Disgraced seven-time Tour de France champion Lance Armstrong recently said he wanted to see the names of all his accusers. The U.S. Anti-Doping Agency (USADA) soon obliged him by giving him 26 names, including that of 11 former teammates. The agency even provided him with evidence of 200 pages filled with vivid details, from hotel rooms transformed into makeshift blood transfusion centers to the ex-wife of the cyclist rolling pills of cortisone into foil and handing them out to all the cyclists.

The agency remarked that Lance Armstrong’s desire to win at all costs was what made him go dependent on first EPO and then blood transfusions and other performance enhancing drugs like growth hormone and testosterone. He tried the biggest tricks in the game to run the most sophisticated doping program in cycling and had the habit of running from places whenever and wherever anti-doping team came to test him. From 1999-2004, Armstrong won the Tour as leader of the U.S. Postal Service team and again in 2005 with the Discovery Channel as the primary sponsor.

USADA accused Armstrong of depending on performance enhancing drugs to fuel his victories and more ruthlessly, to expect and to require that his teammates. Among the 11 former teammates who testified against Armstrong are Tyler Hamilton, Floyd Landis, and George Hincapie. The USADA report said Hincapie alerted Armstrong when he found drug testers at the hotel in 2000 after which Armstrong dropped out of the race to avoid being tested. The USADA also interviewed Toronto cyclist Michael Barry, Frankie Andreu, Tom Danielson, Levi Leipheimer, Stephen Swart, Jonathan Vaughters, and David Zabriskie besides Andreu’s wife, Betsy, who was one of Armstrong’s most consistent and unapologetic critics.

The report went to the governing body of cycling, UCI, and it also went to the World Anti-Doping Agency that also has the right to appeal but so far has supported the position of the USADA in the case against Lance Armstrong.

Recently, Canadian cyclist Michael Barry released a statement in which he admitted to taking performance enhancing drugs after feeling pressure to perform from the United States Postal Service Cycling Team.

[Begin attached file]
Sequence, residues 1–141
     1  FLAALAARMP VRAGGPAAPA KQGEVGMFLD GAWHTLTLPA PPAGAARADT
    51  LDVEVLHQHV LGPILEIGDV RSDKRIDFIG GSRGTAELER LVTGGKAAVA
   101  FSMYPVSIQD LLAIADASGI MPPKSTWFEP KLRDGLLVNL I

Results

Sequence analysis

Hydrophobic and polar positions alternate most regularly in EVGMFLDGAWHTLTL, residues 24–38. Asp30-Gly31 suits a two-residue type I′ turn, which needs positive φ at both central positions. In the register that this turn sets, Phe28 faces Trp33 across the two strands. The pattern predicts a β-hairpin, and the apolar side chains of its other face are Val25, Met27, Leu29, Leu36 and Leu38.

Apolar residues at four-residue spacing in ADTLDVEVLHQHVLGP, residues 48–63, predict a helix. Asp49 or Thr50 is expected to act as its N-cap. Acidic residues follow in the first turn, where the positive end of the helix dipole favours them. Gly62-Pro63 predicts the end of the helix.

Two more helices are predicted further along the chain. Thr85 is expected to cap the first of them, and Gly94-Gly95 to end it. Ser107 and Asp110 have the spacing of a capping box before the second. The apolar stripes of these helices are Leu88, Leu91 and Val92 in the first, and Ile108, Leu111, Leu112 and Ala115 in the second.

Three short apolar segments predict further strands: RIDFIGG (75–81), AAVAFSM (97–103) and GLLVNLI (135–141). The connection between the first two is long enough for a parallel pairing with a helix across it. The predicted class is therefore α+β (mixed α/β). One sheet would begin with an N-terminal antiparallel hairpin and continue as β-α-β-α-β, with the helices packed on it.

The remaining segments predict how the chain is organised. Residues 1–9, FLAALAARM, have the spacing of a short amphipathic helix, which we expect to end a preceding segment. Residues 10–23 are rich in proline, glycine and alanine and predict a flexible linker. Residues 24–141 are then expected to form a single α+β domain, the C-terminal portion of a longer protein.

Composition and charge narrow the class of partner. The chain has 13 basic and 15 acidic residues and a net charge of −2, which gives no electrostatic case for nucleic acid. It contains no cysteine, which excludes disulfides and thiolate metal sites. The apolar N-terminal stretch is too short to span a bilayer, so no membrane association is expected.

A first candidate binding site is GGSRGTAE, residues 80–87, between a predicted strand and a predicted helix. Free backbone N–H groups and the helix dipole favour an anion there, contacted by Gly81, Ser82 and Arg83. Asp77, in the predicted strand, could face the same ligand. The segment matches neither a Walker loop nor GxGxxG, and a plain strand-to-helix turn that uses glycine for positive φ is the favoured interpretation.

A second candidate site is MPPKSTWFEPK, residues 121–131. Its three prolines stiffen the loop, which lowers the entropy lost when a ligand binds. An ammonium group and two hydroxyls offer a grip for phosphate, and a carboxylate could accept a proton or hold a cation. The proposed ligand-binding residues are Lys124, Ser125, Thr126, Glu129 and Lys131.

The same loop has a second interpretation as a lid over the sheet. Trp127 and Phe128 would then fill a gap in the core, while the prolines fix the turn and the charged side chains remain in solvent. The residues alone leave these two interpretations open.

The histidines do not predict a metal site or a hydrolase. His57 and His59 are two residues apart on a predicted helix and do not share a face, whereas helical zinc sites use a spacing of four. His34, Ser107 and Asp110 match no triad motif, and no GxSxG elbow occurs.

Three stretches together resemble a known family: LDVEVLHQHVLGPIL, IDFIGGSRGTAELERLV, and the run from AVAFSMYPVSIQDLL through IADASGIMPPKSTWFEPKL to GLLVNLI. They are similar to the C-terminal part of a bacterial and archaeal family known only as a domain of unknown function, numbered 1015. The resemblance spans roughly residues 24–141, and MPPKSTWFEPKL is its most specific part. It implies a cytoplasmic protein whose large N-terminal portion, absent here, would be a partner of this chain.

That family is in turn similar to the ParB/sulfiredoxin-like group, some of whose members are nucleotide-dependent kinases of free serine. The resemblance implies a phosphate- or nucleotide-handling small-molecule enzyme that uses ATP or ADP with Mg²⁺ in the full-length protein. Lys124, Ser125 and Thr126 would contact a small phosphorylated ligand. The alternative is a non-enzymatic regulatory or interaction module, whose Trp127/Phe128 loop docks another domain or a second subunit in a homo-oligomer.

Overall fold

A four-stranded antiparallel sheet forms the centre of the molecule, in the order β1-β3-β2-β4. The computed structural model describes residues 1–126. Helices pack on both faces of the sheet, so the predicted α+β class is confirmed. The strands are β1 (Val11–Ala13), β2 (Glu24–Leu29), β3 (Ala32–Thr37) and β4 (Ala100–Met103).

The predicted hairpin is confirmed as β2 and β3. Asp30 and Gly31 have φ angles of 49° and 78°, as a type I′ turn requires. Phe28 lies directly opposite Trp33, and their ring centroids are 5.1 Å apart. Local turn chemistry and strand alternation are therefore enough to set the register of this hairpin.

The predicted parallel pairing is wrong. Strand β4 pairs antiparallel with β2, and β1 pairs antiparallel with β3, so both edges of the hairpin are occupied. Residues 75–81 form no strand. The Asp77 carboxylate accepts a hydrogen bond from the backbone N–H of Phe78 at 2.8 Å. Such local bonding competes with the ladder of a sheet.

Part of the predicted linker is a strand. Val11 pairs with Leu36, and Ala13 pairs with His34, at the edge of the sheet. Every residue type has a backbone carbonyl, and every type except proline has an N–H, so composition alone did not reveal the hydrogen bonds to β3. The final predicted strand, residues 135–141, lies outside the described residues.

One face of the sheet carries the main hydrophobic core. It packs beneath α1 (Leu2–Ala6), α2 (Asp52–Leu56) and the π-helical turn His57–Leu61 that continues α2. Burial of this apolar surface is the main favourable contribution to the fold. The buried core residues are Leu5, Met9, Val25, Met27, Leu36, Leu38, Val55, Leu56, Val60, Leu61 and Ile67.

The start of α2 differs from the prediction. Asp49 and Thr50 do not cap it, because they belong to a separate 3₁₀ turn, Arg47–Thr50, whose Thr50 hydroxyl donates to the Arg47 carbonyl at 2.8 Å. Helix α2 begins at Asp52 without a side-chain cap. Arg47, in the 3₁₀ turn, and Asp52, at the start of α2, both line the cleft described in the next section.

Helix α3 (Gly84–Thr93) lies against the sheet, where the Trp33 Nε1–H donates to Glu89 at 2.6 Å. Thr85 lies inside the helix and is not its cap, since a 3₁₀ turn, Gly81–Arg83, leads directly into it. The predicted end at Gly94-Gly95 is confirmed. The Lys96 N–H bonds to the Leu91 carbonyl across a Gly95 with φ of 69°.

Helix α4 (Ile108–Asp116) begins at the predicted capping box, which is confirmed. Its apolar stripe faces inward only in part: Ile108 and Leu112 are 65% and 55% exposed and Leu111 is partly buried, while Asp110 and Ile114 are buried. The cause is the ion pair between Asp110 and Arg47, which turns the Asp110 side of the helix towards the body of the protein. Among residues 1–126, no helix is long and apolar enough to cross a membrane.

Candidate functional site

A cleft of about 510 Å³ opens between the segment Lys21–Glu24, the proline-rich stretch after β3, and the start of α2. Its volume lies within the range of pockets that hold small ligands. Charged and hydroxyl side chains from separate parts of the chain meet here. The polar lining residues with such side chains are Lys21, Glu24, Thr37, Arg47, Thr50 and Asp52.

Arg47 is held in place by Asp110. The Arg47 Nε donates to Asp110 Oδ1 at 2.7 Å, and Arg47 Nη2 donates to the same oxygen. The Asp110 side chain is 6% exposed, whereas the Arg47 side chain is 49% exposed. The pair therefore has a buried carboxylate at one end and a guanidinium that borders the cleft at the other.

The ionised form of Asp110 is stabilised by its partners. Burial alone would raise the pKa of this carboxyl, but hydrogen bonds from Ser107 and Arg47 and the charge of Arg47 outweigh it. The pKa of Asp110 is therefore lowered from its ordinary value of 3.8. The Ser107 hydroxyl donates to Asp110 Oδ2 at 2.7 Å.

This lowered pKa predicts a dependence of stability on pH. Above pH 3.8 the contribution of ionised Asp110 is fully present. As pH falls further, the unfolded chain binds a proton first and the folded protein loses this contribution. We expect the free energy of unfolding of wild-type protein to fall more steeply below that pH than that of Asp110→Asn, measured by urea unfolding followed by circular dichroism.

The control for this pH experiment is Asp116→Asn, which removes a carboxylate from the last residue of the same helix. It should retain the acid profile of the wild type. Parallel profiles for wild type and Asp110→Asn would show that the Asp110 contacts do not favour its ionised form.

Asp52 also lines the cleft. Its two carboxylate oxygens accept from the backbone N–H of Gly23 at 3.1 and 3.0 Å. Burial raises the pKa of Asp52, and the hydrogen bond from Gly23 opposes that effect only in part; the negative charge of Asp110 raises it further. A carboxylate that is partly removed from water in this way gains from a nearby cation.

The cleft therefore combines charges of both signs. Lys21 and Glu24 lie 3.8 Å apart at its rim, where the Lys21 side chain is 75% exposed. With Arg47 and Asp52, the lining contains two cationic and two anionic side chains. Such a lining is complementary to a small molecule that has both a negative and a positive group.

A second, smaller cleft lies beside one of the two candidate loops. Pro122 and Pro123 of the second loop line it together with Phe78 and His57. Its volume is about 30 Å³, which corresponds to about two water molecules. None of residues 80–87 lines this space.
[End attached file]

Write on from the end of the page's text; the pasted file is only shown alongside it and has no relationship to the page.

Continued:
Armstrong insisted that he never cheated though he find it easy not to fight the USADA charges than to save his reputation and integrity by contesting the charges levied against him. His attorney, Tim Herman, called the report a one-sided hatchet job — a taxpayer funded tabloid piece rehashing old, disproved, unreliable allegations based largely on axe-grinders, serial perjurers, coerced testimony, sweetheart deals and threat-induced stories. Herman, in a letter sent to USADA attorneys, said dismissed any evidence provided by Landis and Hamilton and said the riders were “serial perjurers and have told diametrically contradictory stories under oath.

USADA Chief Executive Travis Tygart said the cyclist was given the chance to take his case to arbitration and declined and rather decided to accept the sanctions in August. Once he decided not to contest the charges, the anti-doping agency stripped him of all his titles and banned him for life and now Armstrong’s bronze medal at the Sydney Olympics is also in the danger of getting lost. However, the International Olympic Committee will wait for cycling’s governing body to act on the doping case before it thinks about taking away his Olympic bronze medal from the 2000 Sydney Games